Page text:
A leading opponent of the University athletic department’s plan to add luxury boxes to Michigan Stadium unveiled yesterday an alternative design for renovations: the Big House Plan.

Sarah Royce
(Courtesy of save the big house)
Sarah Royce
(file photo)

The plan – which John Pollack laid out at a press conference in the Michigan Union yesterday – calls for an additional 10,000 bleacher seats atop the existing bowl as well as an elevated second concourse to service the upper rows and decrease congestion.

Pollack said the renovations would cost $93.1 million after interest payments, using the athletic department’s cost estimates.

The athletic department’s proposal, which includes luxury suites and was approved by the University Board of Regents by a 5-3 vote in May, would cost $354.7 million, including interest.

In order to determine his expenses, Pollack took the University pricing for the construction of 3,000 seats and divided it to get the cost per seat, which amounted to $867.

Athletic Director Bill Martin had not seen Pollack’s proposal and declined to comment on it, athletic department spokesman Bruce Madej said.

Martin maintains that luxury boxes are the only way to pay for all the necessary improvements like handicapped seating and adding restrooms.

The athletic department’s renovation goals include a new press box, wider seats and aisles, more restrooms and concession stands and expanded capacity for disabled fans. The Big House Plan incorporates the same elements, Pollack said.

As the debate over luxury boxes heats up, Pollack said the alternative design offers a viable option that he hopes will encourage greater debate about the issue.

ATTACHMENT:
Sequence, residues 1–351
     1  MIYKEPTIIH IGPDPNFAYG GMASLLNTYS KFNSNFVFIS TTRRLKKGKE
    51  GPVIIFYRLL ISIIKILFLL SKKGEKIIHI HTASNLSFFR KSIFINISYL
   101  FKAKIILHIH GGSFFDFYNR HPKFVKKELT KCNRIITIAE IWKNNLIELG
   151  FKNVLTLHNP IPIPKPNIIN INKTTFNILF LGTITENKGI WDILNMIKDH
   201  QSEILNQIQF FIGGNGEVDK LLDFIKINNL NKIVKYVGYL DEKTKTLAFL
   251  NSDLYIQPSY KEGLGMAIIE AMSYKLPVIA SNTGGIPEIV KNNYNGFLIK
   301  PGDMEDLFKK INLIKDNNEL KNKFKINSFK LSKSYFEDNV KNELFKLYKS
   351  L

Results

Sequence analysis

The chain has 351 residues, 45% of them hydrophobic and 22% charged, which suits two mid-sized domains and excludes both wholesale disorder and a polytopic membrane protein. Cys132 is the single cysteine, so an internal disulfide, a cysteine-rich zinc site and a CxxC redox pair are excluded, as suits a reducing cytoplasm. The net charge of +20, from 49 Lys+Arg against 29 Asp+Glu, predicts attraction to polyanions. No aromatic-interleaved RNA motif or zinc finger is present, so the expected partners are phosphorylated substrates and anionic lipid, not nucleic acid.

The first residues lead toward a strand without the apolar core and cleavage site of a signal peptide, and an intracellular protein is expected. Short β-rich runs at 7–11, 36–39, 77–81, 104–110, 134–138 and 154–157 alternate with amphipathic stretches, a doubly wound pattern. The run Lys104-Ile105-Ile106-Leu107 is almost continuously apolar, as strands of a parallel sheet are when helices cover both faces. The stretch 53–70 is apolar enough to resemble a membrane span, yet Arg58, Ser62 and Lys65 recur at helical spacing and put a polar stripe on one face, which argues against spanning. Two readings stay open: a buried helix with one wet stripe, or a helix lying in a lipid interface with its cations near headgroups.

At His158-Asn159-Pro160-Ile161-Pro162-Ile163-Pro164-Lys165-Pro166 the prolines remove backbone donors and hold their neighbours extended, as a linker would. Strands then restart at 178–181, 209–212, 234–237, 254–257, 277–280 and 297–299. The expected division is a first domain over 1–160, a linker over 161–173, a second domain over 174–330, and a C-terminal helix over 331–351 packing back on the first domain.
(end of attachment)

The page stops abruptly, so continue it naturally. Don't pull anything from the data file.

“I think Wolverine nation is just beginning to focus in on this debate,” said Pollack, a former Clinton speechwriter who lives in New York City and works as a writer and communication consultant. “It’s football season again. All eyes are on the Big House.”

In order to put his plan into action, Pollack needs the support of the University Board of Regents.

He considers the regents’ close vote in May a sign of possible support for an alternative plan.

Regent Larry Deitch (D-Bingham Hills) voted against luxury boxes in May, calling them an expensive and unnecessary venture.

“I voted against (the athletic department’s plan) because it contains luxury boxes, because it’s fiscally unsound, it diverges from Michigan’s culture, it’s insensitive to our current economic circumstances, and there’s a better way to renovate the stadium,” Deitch said in an interview yesterday.

He said he sees the “Big House Plan” as an intriguing alternative, even if it’s not a completed option.

“I don’t know that it’s a plan we could adopt, but I think it’s indicative of the fact that a thoughtful plan could be adopted without changing the character of the stadium or doing damage to our values,” Deitch said.

Opponents maintain that the administration never presented viable alternative plans for the stadium in an attempt to push through their preferred plan.

Even with the support of some regents, Pollack might not be able to reopen discussion on stadium renovation designs.

University Chief Financial Officer Timothy Slottow, who presents building plans to the regents for approval, said he does not foresee a change in course.

“We are not considering alternatives at this point in the process,” Slottow said. “We spent more than two years evaluating a wide spectrum of options. . I’m confident that the approved project is financially sound and will benefit all our fans in the long run.”

According to Pollack, the athletic department’s plan to add luxury boxes along both sidelines would eliminate 4,300 bleacher seats and would prevent future expansion along the outer rim of the bowl. This would cap the stadium’s capacity at approximately 108,000, he said.

The Big House Plan – drawn up by four architects with University ties, all working pro bono – maintains the integrity of Michigan Stadium while preserving its status as the nation’s largest, Pollack said.